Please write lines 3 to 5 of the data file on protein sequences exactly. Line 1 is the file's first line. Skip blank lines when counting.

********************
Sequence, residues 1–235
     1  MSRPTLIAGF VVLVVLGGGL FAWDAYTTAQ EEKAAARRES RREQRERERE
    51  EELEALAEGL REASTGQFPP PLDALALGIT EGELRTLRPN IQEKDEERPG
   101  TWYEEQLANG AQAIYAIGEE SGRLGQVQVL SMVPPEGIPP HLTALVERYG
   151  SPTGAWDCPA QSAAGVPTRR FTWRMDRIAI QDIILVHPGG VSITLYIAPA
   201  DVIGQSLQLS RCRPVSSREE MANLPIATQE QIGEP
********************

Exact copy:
    51  EELEALAEGL REASTGQFPP PLDALALGIT EGELRTLRPN IQEKDEERPG
   101  TWYEEQLANG AQAIYAIGEE SGRLGQVQVL SMVPPEGIPP HLTALVERYG
   151  SPTGAWDCPA QSAAGVPTRR FTWRMDRIAI QDIILVHPGG VSITLYIAPA